A recent study by two pioneers of efficient market theory—Eugene Fama and Kenneth French—shows the number of outstanding fund managers is even smaller than we had thought.
The two professors ran 10,000 simulations of possible returns of 3,156 actively managed stock funds between 1984 and 2006. “They found that outside the top 3% of funds, active management lags behind results that would be delivered due simply to chance,” The Wall Street Journal reported.
That means that of the 3,000 funds studied, only about 100 recorded outstanding performance, and Fama and French said the "‘good funds are indistinguishable from the lucky bad funds that land in the top percentiles.’"
So, picking outstanding mutual funds—especially before they start outperforming the market—is a crap shoot.
Yet after 35 years of research, marketing, and proselytizing, index funds accounted for only 13% of the total assets invested in equity mutual funds in 2008, according to the Investment Company Institute.
That was a nice jump over the 11%-11.5% at which they hovered over the previous five years, and there are signs individual investors are finally, finally moving their money in that direction.
In 2008, writes US News & World Report, “investors withdrew more than $214 billion from actively managed stock funds, while stock index funds saw inflows of more than $47 billion, according to Morningstar. “
“The trend continued in 2009, with investors withdrawing more than $37 billion from actively managed stock funds and about $36 billion flowing into stock index funds.”
“It is happening, but it’s a long time coming,” Professor Malkiel told me in an interview.
And so is broader diversification. Investors have poured more of their money into international funds, and for the last year they’ve emptied their wallets into bond funds of all kinds, because they were chasing yield and trying to reduce their exposure to stocks.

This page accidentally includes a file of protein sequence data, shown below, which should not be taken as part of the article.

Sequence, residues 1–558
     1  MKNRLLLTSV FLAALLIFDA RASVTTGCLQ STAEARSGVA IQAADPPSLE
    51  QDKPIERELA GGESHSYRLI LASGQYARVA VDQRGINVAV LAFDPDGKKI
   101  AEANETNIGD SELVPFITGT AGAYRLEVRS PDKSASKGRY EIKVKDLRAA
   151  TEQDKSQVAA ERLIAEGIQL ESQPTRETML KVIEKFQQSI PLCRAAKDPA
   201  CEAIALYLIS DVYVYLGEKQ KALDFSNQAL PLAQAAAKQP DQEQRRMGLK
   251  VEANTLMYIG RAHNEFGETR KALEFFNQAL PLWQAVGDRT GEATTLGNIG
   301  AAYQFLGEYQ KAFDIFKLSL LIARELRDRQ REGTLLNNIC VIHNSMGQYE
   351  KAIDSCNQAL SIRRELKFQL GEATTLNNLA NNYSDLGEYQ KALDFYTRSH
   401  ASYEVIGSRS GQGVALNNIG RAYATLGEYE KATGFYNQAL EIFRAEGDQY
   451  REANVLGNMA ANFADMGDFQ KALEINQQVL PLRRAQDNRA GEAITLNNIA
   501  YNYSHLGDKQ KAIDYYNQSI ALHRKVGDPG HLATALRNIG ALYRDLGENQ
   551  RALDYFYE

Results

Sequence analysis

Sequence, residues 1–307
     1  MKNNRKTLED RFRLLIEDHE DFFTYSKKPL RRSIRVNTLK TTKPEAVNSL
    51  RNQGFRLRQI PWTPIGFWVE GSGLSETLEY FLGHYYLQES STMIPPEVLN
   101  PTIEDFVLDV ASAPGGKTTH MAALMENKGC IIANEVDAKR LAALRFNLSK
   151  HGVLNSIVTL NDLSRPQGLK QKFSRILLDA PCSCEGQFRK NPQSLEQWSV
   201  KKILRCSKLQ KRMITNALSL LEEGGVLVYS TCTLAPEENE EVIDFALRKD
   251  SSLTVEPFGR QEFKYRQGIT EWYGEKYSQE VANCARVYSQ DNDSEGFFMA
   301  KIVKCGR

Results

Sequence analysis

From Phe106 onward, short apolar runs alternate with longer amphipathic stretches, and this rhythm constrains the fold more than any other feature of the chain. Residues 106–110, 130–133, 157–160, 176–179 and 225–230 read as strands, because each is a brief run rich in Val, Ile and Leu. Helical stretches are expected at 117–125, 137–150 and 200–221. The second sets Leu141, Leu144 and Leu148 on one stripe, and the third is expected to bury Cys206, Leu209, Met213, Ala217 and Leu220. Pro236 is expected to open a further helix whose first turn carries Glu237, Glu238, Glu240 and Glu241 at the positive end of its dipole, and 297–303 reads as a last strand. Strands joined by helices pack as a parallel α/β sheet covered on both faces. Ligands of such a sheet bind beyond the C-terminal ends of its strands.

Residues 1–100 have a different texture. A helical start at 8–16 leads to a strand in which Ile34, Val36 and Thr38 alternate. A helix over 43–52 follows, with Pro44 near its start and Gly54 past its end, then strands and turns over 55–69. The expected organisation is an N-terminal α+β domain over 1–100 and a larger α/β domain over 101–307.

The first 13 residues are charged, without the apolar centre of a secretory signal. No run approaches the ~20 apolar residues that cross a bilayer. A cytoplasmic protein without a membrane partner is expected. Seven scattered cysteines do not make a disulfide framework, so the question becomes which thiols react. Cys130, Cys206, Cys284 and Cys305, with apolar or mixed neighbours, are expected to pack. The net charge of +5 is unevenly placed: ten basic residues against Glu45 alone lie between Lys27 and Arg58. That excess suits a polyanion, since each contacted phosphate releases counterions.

Malkiel recommends the “broadest of the broad index funds,” which would also provide exposure to so-called alternative assets like commodities (through, say, Brazilian-based miners), real estate (through real estate investment trusts), and high-yield bonds and inflation-protected securities, both of which are represented in broad bond index funds, he says.
He doesn’t think individual stocks provide enough diversification for most people, but says that if investors already have most of their money in broad index funds, there’s no harm in occasionally taking a flyer on an individual stock or two.
“I do it myself from time to time, because it’s fun,” he says.
But not, apparently, Bernie Madoff—or at least that’s not what he advises fellow inmates to do.
Isn’t it ironic that the man who bilked thousands by promising steady double-digit returns year in and year out now says his whole enterprise was impossible in the first place?
Only in prison, where giving people bad advice can get you a broken nose or a shiv in the back, did Madoff finally tell the truth.
When will Wall Street brokerage firms, mutual fund companies, and many financial planners do the same?Howard R. Gold is executive editor of MoneyShow.com. The views expressed here are his own.